Be thankful Campbell didn’t retire at the end of the Motörhead

Following the inevitable demise of Motörhead, where the remaining members of the long serving trio would take their talents was unknown.

Powerhouse drummer Mikkey Dee is currently providing his skills to the Scorpions on their never-ending farewell jaunt. Meanwhile, no-nonsense Welsh guitarist Phil Campbell has been busy not just with his Bastard Sons project with his three sons, but with this long-awaited solo album. The results are very good indeed, bolstered further by a host of guest musicians, most notably in the vocals department. Of course, his three sons, Todd, Tyla and Dane provide additional guitar, bass and drums on several of the tracks so once could argue this release is not strictly a solo album since the Bastard Sons band is embedded within the album.

Kicking things off on this musical adventure is the relaxed and laidback, part anecdote, part mission-statement Rocking Chair. It sets the mood well, hinting at the variety of things to come. Not the rock bombast hard rock and metal aficionados might expect just makes it all the more interesting and Welsh singer Leon Stanford’s timbre suits the strummed acoustic guitar tones. Some gentle slide guitar, plucked banjo, piano parts and a melodic arpeggiated post-chorus part creates a track that wouldn’t be out of place on a Keith Richards or Springsteen album with a tasteful blues joint, Americana jangle to it.

Fear not, rock fiends, because the next three tracks are solid, thumping rock and roll brawlers. Straight Up features a slightly restrained Rob Halford bringing a raspy attitude alongside the front and centre mixed descending chordal riff. Sharp attack, an expansive catchy chorus, an open verse rhythm guitar sound and great use of the spatial dynamics make this memorable, with a nifty outro guitar solo. By comparison, Ben Ward of Orange Goblin pushes next track Faith in Fire into a combination of Cathedral and Black Sabbath as the lumbering doom groove pounds along.

As far as attitude is concerned, the Alice Cooper fronted track Swing It is the album highlight. Pure rock vibe ensues with that subdued menacing sneer that only Motörhead could match in their day. Cooper bassist Chuck Garric pushes Dane Campbell’s drums to a hammering rhythm section. Campbell throws in as many lead guitar embellishments as the track will allow between cranking out the dirty, circular and percussive riff.  A change of pace comes with the ballad Left for Dead with none other than Mark King from Level 42 on bass duties. This has all the hallmarks of a radio hit from a bigger band, but the vocal delivery is more authentic. The southern rock feel to it is subtle enough and the arrangements are very well done. It’s an example of the depth of experience that Campbell possesses as a musician which the average listener would be surprised to learn that the long serving guitarist of Motörhead would deliver such a track.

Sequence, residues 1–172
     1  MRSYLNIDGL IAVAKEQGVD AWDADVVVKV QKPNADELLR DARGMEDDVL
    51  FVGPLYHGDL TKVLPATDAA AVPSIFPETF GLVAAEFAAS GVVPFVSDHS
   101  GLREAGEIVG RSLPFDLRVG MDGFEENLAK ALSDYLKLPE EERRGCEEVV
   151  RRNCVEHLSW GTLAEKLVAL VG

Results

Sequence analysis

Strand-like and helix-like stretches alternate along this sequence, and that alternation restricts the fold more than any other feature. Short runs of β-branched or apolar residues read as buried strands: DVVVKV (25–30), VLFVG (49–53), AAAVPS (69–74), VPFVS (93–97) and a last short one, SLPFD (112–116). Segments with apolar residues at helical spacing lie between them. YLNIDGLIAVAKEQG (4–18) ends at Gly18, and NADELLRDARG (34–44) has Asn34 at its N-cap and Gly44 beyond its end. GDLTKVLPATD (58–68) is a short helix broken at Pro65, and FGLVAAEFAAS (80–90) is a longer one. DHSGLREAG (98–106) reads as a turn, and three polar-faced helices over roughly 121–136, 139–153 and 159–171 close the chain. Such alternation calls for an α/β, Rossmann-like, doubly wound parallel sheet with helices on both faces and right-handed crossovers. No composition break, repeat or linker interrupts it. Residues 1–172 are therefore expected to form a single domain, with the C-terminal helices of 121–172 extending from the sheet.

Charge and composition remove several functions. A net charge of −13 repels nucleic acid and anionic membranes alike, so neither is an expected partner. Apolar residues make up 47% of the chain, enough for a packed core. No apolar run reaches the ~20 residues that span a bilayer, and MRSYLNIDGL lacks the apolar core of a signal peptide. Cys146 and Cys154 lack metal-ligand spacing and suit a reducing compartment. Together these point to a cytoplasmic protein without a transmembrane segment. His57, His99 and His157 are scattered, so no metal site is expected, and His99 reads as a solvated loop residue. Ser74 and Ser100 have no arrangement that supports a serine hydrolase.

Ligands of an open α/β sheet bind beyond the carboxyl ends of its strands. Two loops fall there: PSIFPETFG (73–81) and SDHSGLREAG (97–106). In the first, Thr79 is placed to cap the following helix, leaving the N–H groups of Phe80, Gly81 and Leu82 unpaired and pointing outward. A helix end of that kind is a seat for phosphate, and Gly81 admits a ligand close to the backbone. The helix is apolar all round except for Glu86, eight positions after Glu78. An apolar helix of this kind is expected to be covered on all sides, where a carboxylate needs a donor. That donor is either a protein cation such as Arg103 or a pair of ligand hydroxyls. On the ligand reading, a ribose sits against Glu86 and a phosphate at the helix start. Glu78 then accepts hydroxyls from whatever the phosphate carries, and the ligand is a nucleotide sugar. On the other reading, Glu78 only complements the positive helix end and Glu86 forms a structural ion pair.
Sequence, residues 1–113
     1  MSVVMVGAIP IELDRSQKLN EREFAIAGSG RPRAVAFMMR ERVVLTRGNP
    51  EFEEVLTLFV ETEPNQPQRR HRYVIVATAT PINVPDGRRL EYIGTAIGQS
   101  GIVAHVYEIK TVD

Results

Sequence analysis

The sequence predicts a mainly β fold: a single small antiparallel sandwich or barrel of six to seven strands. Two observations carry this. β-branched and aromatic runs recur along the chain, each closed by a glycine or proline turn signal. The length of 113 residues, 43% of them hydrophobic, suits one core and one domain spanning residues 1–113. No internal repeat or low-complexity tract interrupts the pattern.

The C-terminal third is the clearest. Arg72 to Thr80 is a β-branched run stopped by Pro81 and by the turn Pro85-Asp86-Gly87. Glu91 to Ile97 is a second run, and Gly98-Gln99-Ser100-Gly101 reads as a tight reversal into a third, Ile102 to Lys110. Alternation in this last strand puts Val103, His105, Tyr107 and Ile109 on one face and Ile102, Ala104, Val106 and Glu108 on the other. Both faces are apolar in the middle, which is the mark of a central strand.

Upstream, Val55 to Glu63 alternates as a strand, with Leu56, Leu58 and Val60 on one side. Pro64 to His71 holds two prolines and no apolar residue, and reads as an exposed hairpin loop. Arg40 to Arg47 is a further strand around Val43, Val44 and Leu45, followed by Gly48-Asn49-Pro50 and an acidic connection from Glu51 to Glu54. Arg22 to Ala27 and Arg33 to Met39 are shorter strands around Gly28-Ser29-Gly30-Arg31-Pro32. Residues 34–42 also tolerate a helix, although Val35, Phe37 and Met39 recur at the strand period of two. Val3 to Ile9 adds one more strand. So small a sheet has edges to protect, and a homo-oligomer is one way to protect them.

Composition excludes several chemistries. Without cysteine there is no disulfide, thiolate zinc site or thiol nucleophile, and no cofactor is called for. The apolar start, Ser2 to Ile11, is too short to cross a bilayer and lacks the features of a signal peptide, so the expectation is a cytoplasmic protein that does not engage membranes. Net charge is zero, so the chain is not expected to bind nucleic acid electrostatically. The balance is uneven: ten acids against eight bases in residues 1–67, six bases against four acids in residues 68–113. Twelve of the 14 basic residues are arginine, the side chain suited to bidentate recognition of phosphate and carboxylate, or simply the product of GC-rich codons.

A turn towards punk rock comes with Walk the Talk with bass contributions from Nick Oliveri plus co-vocals with Danko Jones and drums from Ray Luzier of Steel Panther. It is a staggered, almost reverse shuffle feel, These Old Boots rocks hard with the indefatigable Dee Snider delivering paint-stripping vocals and the perennial Mick Mars from Mötley Crüe providing a pitch shifted, high gain yet apt guitar solo of diving notes and squealing motifs. Chris Fehn hammers the kit, working the floor toms and adding some cowbell to boot.

The last hard rock track on the album is Dancing Dogs (Love Survives) and sees Campbell useing deep reverb and some wah pedal to add gravitas to the sustained and trilled guitar solo. The main song riff has a direct groove metal, Alice in Chains style of delivery. Whitfield Crane’s singing here is very reminiscent of the late Layne Staley, with plenty of reverb added to the vocal track. Rounding out the album, Dead Roses has a very wispy, 70s ballad feel to it with a piano based chord progression, blues based guitar melody lines, backing vocal harmonies and a remarkably soulful vocal performance from Benji Webbe of Skindred. Campbell’s guitar parts here are haunting and, with the tone rolled back, offer up a strong blues sensibility with a hint of rhythm and blues.

Campbell further demonstrates his aptitude for creative, unexpected song writing tangents and his expansive skills on guitar on the final track Tears From a Glass Eye. A combined piano and keyboard sonic bed provides a bass line and the melodic theme to gently guide the floating guitar harmonies which include all seeing, all knowing guitar god Joe Satriani. Overlapping guitar parts are breezily executed with plucked lines offering a sense of spontaneity and mood. It is understated, emotive and quite beautiful piece of music. As harmonics similar to Satch’s Echo ring out to the final chord of this masterful acoustic track, the deeper appreciation of unexpected musical ideas on this album is reinforced.

Phil Campbell has attracted some excellent guest musicians to this solo album, but it is a credit to the man on his ability to have creates such a great album and allocated appropriate talent to his songs. The guitarist has triumphed on Old Lions Still Roar. Lions don’t just roar, they also prowl, hunt, protect their cubs and know how to use energy judiciously. Be thankful Campbell didn’t retire at the end of the Motörhead. This solo album provides a stunning selection of music with a wealth of variety that should be heard by many different music genre fans. Lemmy would be proud.

1. Rocking Chair
2. Straight Up
3. Faith in Fire
4. Swing It
5. Left for Dead
6. Walk the Talk
7. These Old Boots
8. Dancing Dogs (Love Survives)
9. Dead Roses
10. Tears From a Glass Eye